In order to be successful in long term recovery you need to build a plan for relapse prevention.
This cannot, and should not be, a passive activity.
In other words, you don't just slip and fall and accidentally stay clean and sober for 20 years straight. It takes deliberate planning.
So before we dive into the meat of this thing, let's find out exactly what relapse prevention should entail.
It is important to realize that every addict and alcoholic has been using their drug of choice as their primary solution in life for a long time now.
If we were angry about something, we used our drug of choice. If we were happy and celebrating, we used our drug of choice.
Whatever the situation was, we used our drug of choice. It medicated everything and anything for us.
In short, our drug of choice was our solution for any given problem that life might throw at us. We used it for every situation.
When we get clean and sober, our brain is still wired to think about our drug of choice as being a good solution when life throws a new problem at us.
This is important because life is going to keep throwing new and unique problems in our face as we move through our recovery. In other words, as you remain clean and sober, you are going to have to face new challenges at various times, and during those challenges your brain is going to automatically desire your drug of choice.
This is guaranteed to happen at some point, probably multiple times. Everyone experiences triggers and cravings eventually.
Therefore, you have to be prepared for these triggers. How will you deal with the urge to relapse when it hits?
You may believe that you can arrange your life in such a way that you simply avoid triggers. While this should definitely be a part of your efforts, it should not be the only effort that you make.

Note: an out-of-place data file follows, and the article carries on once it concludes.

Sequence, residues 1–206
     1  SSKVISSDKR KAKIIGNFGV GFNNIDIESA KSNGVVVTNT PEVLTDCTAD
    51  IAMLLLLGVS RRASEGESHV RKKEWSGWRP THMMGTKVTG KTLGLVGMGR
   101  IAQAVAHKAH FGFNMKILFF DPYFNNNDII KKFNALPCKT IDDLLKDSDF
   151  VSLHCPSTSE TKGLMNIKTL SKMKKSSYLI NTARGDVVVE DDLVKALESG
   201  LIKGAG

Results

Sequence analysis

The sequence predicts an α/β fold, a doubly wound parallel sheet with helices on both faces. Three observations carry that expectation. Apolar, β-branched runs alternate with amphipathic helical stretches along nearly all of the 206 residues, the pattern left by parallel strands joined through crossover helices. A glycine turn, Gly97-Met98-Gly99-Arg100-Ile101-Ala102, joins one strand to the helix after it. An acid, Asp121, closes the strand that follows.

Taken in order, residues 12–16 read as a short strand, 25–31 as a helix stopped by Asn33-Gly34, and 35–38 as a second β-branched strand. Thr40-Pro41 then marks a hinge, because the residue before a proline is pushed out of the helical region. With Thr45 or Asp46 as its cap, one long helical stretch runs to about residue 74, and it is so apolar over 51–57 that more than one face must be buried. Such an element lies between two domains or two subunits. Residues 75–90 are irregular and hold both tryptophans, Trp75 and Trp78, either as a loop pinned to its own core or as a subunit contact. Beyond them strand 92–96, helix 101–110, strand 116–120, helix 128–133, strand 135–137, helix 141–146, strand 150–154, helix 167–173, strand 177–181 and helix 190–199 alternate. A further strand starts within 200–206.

Why? Because triggers and stress in recovery is inevitable. We know with certainty that eventually, given enough time in recovery, everyone will be tested at some point. It is certain.
Therefore you need to keep searching for solutions in life.
The right attitude to have in recovery is that of being willing to seek new solutions.
Whatever problems or issues that you may be having right now, you can solve them by asking for advice and help from your support system in recovery. Then, once you get that advice, you must act on it and take positive action. By doing this you can overcome any current problems that you have in life and figure out a path to sobriety. Just for today.
And that is the whole keyjust for today. Meaning that tomorrow, and five years from now, and 20 years from now, you are going to have to keep seeking new solutions.
You may think that all of your problems will one day be magically solved, at which point no new problems could ever possibly surface in your life again.
This is wrong. Of course you will have to deal with new and unexpected problems. That is the nature of life, and of recovery. Life is random and chaotic and even though there are plenty of good things about it and you will no doubt have some unexpected good fortune and positive experiences, you are also going to run into some unfortunate experiences and some bad times.